This works.  However, if there were hundreds of theme versions, it would become unwieldy.  So we save up enhancements and commit a bunch of them all together.  The only time this has happened so far was in October 2006, when v2 was introduced.  (Not many people are using v2, even over three years later, and even though users evidently want the features it brings.  This may be because theme artists aren’t sure how to create them.  One of the advantages of a theme editor would be that it would be able to take care of creating valid intermediate versions for you.)

Some enhancements still being suggested will involve changes to the theme format.  For example, Screwtape has suggested a special window state representing windows which are running as root, so that they can be drawn using a different colour or something.  Enhancements such as these will all have to be made on a branch and merged all together at some time in the medium future, perhaps next year.  I have made a category to group posts about such enhancement requests into.

One of the big questions about v3 is whether it should be SVG-based– the so-called Vectacity format.  This will quite possibly win us very little for the extra effort that will be required to mould SVG into a format which can adequately represent window decorations, so Vectacity may not happen in version 3, or at all.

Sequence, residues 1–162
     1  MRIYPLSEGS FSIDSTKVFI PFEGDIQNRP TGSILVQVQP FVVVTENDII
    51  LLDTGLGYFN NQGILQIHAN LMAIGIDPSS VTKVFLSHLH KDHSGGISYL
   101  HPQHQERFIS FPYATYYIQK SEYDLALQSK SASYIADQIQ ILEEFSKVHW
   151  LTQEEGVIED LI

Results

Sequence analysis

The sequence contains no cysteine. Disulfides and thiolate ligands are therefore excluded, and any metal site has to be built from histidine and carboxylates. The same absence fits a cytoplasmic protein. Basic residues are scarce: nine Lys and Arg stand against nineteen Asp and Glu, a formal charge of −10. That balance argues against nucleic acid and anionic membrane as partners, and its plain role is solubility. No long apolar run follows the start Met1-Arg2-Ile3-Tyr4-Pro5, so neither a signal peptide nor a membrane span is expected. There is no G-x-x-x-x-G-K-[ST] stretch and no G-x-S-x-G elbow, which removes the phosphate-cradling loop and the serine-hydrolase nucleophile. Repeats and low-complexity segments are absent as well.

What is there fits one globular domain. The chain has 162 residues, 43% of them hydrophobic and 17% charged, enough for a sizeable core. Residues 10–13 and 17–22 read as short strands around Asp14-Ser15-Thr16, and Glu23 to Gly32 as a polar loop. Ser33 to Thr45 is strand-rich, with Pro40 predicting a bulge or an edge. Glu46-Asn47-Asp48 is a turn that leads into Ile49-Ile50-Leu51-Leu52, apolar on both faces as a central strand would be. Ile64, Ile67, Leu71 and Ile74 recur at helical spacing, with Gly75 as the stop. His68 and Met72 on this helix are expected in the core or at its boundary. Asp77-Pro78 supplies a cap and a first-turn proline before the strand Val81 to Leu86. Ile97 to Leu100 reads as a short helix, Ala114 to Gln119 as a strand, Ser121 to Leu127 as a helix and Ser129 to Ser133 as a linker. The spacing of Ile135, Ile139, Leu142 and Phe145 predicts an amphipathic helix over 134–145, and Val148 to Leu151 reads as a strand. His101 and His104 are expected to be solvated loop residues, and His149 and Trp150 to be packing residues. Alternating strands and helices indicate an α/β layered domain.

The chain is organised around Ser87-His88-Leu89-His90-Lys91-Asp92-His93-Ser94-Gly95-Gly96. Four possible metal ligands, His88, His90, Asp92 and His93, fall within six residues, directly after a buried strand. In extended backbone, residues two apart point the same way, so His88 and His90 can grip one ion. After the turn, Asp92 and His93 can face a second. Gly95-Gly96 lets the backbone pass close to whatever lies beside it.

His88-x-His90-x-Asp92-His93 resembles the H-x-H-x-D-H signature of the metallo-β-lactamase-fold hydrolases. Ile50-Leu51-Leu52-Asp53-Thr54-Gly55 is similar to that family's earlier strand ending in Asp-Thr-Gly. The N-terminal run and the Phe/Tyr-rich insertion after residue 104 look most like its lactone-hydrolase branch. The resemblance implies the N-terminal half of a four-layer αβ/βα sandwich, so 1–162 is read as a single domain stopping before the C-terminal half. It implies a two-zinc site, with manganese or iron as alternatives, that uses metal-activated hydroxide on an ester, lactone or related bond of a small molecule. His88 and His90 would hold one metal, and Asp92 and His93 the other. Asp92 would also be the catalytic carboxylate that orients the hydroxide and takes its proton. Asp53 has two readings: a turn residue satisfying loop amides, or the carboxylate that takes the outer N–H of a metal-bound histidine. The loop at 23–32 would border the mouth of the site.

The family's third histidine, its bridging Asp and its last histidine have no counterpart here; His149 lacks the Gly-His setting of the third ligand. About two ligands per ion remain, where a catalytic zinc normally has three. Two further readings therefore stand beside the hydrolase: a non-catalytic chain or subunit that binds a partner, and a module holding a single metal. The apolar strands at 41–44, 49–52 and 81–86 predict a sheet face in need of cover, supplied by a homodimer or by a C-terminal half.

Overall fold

Photo © Tim McFarlane, cc-by-nc-nd.

Notifisation

Fire Notifier

Listen to this.

Launchpad bug 124326 requests a new titlebar button which minimises an application to the notification area rather than ordinary minimisation. Mostly this is currently done with the close button on the apps which support it, but some people feel it would be cleaner if these two functions were distinct. This action has been given the name “iconification” by some, but since this is the name the X specification gives to what we now call minimisation, I propose the ugly word “notifisation”.

There are four problems with this idea.

  1. Adding new titlebar buttons is always problematic for reasons given earlier.
  2. The EWMH specification is going to have to include a way to tell which apps may be notifised, and a way for the WM to tell an app to notifise itself.  This is going to require arguing out on wm-spec-list.  In itself, this is not a major obstacle, but it’s important to be aware of.
  3. It is unclear what the real difference between minimisation and notifisation is in practice.  And if there is one, why shouldn’t all apps be notifisable?